This third Sunday of every month is “With the Grain day”, which means that I take the Senior High class to a local coffee shop called With the Grain during what is normally Sunday School time. This gives me the chance to teach important lessons about good coffee and fresh baking, leading by example, of course.
This past Sunday, we were discussing some of the things that I raised in a recent post on Energy, Equity, and Encounter, issues related to walking and the opportunity to encounter those who live around us. I added to this some of the ideas that Jacques Derrida formulates in Echographies of Television, about being at-home, raising the possibility that one of the reasons we do not walk through our neighbourhoods is precisely because we are afraid to encounter our neighbours. Perhaps, I suggested, it is more comfortable for us to have images of our international, national, and communal neighbours broadcast to us through the television and the internet than it is for us to meet them on the street. Perhaps we prefer to stay in our own, home, in our own cars, in our own workplaces, precisely because we fear what an encounter with the other might mean.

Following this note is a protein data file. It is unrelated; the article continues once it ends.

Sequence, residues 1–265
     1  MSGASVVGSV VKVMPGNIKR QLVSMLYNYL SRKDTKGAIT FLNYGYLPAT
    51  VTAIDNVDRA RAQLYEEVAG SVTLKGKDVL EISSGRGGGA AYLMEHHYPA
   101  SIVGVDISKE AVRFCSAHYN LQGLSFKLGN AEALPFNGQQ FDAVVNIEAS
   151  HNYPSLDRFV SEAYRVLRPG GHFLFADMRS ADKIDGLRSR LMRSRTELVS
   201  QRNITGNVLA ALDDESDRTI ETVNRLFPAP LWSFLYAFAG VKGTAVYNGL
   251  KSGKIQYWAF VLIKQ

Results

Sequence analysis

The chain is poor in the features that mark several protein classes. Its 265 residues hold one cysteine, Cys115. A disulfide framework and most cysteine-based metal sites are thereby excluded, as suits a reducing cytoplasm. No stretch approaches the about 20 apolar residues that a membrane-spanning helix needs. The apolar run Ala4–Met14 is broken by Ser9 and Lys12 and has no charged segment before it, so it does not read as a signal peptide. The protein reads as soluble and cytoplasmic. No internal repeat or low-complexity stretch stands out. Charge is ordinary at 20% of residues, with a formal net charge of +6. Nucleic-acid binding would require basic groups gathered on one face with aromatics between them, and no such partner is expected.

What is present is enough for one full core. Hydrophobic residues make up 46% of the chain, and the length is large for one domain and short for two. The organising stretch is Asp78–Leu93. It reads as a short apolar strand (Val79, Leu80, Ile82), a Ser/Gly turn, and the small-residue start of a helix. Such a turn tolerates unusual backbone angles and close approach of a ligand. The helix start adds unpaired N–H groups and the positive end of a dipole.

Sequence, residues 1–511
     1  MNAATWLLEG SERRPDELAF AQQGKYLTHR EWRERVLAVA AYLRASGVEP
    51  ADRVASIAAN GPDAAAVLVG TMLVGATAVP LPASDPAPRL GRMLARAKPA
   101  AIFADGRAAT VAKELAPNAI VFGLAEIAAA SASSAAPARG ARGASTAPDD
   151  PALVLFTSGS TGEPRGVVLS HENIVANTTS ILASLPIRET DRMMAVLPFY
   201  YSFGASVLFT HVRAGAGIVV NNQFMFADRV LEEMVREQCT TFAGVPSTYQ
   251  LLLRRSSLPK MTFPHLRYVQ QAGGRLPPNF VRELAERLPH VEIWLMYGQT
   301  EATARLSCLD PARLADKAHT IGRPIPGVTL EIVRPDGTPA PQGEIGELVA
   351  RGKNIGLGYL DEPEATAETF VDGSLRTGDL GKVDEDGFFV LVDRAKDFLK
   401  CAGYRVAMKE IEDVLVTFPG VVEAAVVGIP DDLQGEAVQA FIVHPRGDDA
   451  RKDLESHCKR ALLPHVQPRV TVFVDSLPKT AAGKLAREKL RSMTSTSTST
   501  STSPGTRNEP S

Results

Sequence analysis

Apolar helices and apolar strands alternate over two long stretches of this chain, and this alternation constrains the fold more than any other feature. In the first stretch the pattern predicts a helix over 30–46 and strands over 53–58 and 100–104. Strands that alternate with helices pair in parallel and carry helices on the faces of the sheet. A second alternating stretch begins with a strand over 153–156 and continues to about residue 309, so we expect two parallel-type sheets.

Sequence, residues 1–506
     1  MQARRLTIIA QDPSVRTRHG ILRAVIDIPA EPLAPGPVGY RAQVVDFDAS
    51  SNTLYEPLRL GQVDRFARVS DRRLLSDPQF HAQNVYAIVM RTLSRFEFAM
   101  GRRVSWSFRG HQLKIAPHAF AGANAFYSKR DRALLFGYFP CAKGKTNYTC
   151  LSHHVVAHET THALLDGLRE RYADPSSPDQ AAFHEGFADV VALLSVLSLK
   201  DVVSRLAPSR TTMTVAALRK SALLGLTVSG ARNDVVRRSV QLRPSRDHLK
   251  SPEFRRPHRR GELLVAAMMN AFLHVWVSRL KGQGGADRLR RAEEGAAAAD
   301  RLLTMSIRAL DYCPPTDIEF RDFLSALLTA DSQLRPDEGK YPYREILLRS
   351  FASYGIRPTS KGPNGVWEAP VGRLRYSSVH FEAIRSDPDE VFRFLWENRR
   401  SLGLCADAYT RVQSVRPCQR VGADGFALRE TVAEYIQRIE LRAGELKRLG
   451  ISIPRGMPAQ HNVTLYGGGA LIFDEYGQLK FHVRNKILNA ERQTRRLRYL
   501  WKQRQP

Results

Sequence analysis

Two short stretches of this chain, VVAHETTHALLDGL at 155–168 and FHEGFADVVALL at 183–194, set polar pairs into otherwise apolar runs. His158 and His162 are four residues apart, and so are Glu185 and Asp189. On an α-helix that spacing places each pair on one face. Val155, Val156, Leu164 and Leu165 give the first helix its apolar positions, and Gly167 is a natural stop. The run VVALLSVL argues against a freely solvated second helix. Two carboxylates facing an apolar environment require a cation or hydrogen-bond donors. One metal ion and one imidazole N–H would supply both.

One of my students then interjected something that I had never considered in this context before, but that nevertheless bears profoundly on the problem. He pointed out that, even when we are pedestrians in our neighbourhoods, as highschool students often are, we still find ways to prevent us from having to encounter those we meet: the cell phone, the ipod, the blackberry, or whatever, and I agree with this absolutely. I have always been critical of the ways in which these technical devices remove us from others, but I had never interpreted their use as a defence mechanism against the possibility of encountering others as such.
I am not arguing, of course, that all these technical devices necessarily prevent us from encountering others, and I even affirm the ways that they allow us to remain connected to others, though I intentionally contrast the idea of encounter with connection here. I am arguing, however, that the increase of mobile technology allows us to export beyond the walls of the home and the office the ability to isolate ourselves from possible encounter with the other. It extends our ability to replace encounter with connectivity. The ethical implications of this concern me greatly.